I'm not debating that the bracing may not have worked in your daughter's cases, obviously these cases can move extremely rapidly. I am simply questioning whether your assumptions as it relates to the rest of the scoliosis population are actually valid.

  6. #21
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    We live in a progressive world. People that do not advocate progress will be limited in the future. I think that some of us, as we age will exhaust our interests and fatigue..... Sounds like he might be there. Its natural. There is also the anti surgical factor of the older generation coming to play here.

    I had the difficult decision of weighing the older more experienced surgeon with thousands of surgeries under his belt or, the younger freshly trained in new techniques type of surgeon with plenty of spark. I chose the latter. Of course I had plenty of time to think about this and I'm lucky to have had that time. My twin 50s at age 16 held for years and agree with Linda that curve progression is not linear. There are periods of rapid curve progression that can happen very quickly. Like wildfire sometimes. If its unpredictable, then its logical to expect the worst and prepare the fire hoses.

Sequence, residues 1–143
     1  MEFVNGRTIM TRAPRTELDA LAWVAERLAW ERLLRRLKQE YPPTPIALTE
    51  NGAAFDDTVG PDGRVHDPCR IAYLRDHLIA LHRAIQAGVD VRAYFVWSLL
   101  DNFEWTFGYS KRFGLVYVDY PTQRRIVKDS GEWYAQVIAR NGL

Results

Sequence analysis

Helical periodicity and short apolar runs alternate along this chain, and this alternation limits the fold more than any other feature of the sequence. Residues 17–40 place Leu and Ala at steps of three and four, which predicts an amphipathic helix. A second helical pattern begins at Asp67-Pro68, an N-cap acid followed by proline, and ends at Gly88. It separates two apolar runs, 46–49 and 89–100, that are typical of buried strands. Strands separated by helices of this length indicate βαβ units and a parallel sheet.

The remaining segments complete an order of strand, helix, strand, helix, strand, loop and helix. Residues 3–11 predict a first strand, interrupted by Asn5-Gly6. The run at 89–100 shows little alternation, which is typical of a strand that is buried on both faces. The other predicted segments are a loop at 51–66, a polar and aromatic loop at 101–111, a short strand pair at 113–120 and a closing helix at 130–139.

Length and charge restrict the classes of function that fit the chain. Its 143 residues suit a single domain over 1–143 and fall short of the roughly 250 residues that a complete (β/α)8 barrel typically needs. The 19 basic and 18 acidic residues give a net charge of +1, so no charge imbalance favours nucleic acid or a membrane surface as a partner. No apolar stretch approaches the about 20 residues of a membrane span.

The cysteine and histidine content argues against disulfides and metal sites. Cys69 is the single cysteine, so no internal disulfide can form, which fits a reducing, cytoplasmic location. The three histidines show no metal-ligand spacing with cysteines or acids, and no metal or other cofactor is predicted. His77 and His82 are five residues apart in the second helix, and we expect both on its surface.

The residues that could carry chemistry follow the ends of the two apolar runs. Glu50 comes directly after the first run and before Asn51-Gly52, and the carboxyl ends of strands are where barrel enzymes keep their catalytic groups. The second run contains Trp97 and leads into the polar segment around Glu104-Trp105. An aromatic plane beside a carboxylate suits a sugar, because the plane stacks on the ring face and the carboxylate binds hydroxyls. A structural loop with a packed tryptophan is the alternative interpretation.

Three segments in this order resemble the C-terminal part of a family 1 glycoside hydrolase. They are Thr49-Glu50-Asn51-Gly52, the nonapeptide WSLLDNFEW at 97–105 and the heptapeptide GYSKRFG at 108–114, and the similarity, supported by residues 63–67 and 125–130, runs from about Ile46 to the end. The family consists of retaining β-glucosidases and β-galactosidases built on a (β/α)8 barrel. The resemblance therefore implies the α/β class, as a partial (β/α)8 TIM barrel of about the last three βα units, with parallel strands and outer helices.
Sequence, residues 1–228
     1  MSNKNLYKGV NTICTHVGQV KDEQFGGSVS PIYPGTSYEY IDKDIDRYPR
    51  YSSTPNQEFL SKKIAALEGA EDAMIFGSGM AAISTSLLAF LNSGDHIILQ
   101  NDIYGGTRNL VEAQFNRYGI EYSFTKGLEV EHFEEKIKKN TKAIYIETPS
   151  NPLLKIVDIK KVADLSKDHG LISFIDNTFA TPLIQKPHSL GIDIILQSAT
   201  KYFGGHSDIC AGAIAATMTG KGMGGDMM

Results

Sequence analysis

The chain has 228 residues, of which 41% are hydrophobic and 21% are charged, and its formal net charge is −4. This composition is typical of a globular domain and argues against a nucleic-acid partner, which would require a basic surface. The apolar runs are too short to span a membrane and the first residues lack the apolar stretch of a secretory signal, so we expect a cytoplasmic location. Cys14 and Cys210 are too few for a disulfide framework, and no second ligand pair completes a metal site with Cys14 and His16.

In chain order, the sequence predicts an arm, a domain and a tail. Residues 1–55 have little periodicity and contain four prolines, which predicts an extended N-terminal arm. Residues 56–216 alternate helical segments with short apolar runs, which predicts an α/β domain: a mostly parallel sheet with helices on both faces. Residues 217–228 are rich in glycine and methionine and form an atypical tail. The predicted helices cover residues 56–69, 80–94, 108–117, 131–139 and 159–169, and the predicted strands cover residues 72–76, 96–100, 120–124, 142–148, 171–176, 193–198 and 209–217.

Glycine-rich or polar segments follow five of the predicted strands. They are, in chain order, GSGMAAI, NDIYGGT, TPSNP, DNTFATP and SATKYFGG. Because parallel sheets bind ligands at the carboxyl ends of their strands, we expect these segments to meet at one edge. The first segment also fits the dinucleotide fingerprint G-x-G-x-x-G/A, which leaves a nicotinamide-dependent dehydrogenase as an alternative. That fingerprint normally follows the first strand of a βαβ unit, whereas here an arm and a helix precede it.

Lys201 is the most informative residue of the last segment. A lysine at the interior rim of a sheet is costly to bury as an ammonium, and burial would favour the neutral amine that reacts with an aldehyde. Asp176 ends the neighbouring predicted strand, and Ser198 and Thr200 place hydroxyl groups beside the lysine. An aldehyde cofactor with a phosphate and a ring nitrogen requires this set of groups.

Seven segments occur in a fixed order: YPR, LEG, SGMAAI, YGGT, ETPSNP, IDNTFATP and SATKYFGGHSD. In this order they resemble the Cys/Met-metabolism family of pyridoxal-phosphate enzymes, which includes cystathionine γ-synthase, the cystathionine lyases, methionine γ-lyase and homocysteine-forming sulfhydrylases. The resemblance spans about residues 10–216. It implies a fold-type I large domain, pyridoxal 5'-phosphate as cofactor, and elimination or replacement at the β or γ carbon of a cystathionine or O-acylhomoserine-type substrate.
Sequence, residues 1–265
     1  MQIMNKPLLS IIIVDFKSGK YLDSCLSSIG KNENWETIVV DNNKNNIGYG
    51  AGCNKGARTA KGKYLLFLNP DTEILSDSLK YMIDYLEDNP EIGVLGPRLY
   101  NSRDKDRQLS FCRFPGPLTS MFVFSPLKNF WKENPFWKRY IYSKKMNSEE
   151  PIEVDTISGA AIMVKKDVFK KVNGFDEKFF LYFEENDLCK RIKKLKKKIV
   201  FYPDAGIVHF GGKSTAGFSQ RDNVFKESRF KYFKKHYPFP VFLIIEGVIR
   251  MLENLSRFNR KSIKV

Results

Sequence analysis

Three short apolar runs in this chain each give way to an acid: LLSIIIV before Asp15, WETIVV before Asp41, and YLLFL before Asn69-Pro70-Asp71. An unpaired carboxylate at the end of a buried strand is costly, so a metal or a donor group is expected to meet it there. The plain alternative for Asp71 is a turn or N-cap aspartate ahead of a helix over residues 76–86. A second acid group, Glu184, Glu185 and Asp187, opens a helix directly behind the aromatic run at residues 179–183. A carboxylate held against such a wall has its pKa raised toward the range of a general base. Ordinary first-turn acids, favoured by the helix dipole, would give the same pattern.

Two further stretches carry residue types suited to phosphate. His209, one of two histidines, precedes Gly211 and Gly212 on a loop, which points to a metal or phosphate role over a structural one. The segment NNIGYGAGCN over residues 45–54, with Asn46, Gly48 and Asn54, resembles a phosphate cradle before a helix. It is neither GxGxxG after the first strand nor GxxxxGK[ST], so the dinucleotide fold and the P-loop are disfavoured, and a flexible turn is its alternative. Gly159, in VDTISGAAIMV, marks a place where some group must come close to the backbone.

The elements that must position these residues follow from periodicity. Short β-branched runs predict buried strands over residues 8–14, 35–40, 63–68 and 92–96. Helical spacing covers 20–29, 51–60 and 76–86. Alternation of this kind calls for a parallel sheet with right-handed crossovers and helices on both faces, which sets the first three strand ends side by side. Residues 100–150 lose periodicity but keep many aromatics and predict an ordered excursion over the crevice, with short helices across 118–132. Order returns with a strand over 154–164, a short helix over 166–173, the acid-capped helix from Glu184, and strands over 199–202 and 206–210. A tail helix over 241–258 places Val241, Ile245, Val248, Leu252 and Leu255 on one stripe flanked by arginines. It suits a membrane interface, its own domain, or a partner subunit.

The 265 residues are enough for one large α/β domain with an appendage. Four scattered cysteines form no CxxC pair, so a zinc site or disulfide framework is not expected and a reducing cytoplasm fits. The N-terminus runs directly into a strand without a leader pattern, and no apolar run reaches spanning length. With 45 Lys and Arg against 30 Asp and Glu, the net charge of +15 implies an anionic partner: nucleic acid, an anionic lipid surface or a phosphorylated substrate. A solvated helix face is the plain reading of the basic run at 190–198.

Its this kind of situation especially in a child that makes it so difficult. The psychological ramifications are overwhelming. I basically learned to block out any negativities within my mind, and forge on. "Damn the torpedoes" I learned while at school at Farragut. It was my military mindset that I used for this.......

    Anyone remember the Civil War? I do. Everyday of my life.
    Ed
    49 yr old male, now 60, the new 55...
    Pre surgery curves C12,T70,L70
    ALIF/PLIF T2-Pelvis 01/29/08, 01/31/08 7" pelvic anchors BMP
    Dr Brett Menmuir St Marys Hospital Reno,Nevada

    Bending and twisting pics after full fusion
    http://www.scoliosis.org/forum/showt...on.&highlight=

    My x-rays
    http://www.scoliosis.org/forum/attac...2&d=1228779214

    http://www.scoliosis.org/forum/attac...3&d=1228779258

  7. #22
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    Sharon,